# Round it! Rounding games (+ google slides version)

Many of you have been asking for ideas for rounding games so today I will share some of the games I use with my students to practice rounding.

### Game 1 – Round it!

The first two little games are quite simple and they are good for starting to practice rounding the numbers 1-99 to the nearest ten or rounding the numbers 111-999 to the nearest hundred. The students use these printout cards that can be laminated to be used multiple times.

Material:

• 2 or 3 face 10 dice ( Learn how to make your own dice here) or a deck of playing cards or Uno cards.
• Colored pencils, a different color for each player (or whiteboard markers if you laminate the cards)
• printed (and laminated) boards for each player.

WILD ROLL AND WILD CARD

If you are using 10 face dice mark the 0 or 10 on the dice with a marker to turn it into a wild roll (you can put a small sticker on that side) and if you are using cards use all the numbers 1-9 and two jokers from the playing cards deck or the numbers 1-9 and two wild cards from the Uno deck.

The students take a game board each. (same) They take turns rolling 2 dice or picking two cards. Every time they form a number with the digits ( numbers ) they get from the dice or cards. Then they round the number and color/circle the answer on their card if it is available (if it is not previously colored). Then the next player takes their turn. If they get a wild roll on one of the dice or card, they get to choose any digit 1-9 for that roll or card. If they get lucky and get two wild rolls/cards then they choose any number from the board. The first player to color/mark all the numbers on their card wins.

Depending on how long you want the game to last you can decide if the players are free to form any number with the digits they get. For example, if they roll 3 and 5 they can form 35 or 53 depending on which number they need 35 will get them 40 and 53 will get them 50. This allows for a bit of strategy. You can also decide that the first roll is for the tens’ place and the second for the one’s place. (longer game). I play both games with my students starting from the second option and we use two different cups for the dice one for the tens’ place digit and one for one’s place digit.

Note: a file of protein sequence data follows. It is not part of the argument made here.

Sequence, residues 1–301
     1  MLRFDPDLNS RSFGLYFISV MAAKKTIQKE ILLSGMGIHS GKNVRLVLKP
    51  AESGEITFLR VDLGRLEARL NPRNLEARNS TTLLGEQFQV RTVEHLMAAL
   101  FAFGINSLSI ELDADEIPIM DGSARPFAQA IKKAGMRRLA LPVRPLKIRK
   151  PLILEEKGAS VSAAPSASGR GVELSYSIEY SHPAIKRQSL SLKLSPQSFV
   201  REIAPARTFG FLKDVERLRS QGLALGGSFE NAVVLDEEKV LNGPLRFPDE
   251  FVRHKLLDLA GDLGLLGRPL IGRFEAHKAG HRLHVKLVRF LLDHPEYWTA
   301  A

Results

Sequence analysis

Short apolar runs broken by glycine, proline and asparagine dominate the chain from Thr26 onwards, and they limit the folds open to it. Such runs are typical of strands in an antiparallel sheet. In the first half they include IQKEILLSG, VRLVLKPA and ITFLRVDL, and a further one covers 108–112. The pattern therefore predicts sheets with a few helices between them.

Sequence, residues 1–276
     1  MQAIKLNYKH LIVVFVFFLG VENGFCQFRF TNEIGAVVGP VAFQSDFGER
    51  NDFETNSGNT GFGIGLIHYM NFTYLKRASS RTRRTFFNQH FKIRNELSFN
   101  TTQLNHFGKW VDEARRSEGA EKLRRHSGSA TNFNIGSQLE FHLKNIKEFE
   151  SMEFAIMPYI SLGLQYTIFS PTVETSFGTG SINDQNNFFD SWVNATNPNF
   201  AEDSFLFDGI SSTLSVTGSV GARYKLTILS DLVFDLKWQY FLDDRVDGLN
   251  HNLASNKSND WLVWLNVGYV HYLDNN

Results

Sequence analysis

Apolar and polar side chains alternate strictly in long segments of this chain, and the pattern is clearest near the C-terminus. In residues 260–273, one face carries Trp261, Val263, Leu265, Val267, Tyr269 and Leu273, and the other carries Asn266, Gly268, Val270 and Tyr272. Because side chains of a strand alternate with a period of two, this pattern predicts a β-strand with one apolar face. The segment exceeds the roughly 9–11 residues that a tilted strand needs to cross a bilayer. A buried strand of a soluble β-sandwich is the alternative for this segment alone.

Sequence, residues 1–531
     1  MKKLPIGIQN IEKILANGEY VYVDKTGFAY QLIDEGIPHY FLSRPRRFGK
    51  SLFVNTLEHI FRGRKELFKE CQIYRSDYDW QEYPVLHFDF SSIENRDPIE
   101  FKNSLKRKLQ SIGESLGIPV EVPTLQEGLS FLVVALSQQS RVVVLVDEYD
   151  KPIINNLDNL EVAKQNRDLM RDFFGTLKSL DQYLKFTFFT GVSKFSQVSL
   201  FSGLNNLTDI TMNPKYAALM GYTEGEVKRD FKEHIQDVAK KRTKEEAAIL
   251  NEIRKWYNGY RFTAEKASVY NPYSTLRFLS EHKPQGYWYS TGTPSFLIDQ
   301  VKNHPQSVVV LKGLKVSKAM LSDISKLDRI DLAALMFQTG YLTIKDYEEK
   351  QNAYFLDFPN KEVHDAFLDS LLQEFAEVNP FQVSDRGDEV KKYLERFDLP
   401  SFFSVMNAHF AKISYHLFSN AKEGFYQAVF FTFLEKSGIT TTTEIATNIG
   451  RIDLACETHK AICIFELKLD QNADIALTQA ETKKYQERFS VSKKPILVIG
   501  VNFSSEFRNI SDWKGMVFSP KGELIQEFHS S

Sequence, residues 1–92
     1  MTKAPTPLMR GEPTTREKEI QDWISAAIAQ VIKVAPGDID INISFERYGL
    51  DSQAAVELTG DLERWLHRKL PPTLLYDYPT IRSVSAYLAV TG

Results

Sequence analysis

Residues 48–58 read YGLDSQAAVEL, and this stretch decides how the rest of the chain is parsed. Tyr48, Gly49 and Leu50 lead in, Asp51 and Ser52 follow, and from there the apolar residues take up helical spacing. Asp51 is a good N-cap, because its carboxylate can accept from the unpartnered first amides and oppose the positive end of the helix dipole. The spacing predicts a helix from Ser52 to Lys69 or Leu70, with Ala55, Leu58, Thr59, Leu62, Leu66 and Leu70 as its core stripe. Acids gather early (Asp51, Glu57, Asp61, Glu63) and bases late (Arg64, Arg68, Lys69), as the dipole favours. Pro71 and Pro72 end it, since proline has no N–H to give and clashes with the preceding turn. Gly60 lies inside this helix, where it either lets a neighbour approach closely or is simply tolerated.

To play the game of rounding up to 100 you need to roll 3 dice or pick 3 cards.

For a simpler shorter game the players can play on the same board. In that case, the player that marks the most numbers before they run out will be the winner.

### Game 2 – Round it – Escape the Maze

Material:

• 2 or 3 face 10 dice ( Learn how to make your own dice here) or a deck of playing cards or Uno cards.
• Colored pencils, a different color for each player (or white board markers if you laminate the cards)
• printed (and laminated) boards for each player.

For the next few games the players will again use the dice or cards in the same way as before, however this time the goal is to color/mark numbers on the board to make a path of touching tiles (horizontally, vertically, or diagonally) to escape the maze. They start on the first number they get that is on the outer side of the maze (grey) and they need to form a path that leads to the opposite side of the maze, on the outer side. The players can also color/mark tiles to block the opponent’s path.

There are different game boards for different levels. Depending on what you want your students to practice you use a different maze printout and a different number of dice or playing cards. For the game boards with 2-digit numbers, you will use 2 dice or pick two cards. For the game boards with 3-digit numbers, you will use 3 dice or pick 3 cards, and for the game boards with 4-digit numbers, you will use 4 dice or pick 4 cards.

WILD ROLLS OR WILD CARDS

If you are using 10 face dice, mark the 0 or 10 on the dice with a marker to turn it into a wild roll (you can put a small sticker on that side or use a just decide that 0 or 10 are the wild rolls) and if you are using cards use the numbers 1-9 and two jokers from the playing cards or numbers 1-9 and two wild cards from UNO cards. If the player gets a wild roll on one of the dice or card, they get to choose any digit 1-9 for that roll or card. If they get two/three or four wild rolls/cards then they choose any number from the board ( that helps them complete their path)

The players can roll or pick a card specifically for each place value ( I use little bowls for each place value to roll in or a base for each card) or just form a number of their choice with the digits they get. There is much more strategy and a lot of thinking with the second choice, however, the game is much longer and many students get confused with all the choices. It is a good idea to ask the students to write down the numbers they can form and the numbers they round up to.

If you are using the cards you can also have three decks face down one for each place value.

If you want to make the games shorter you can decide that instead of a path the players will try to mark four numbers in a row, column, or diagonal.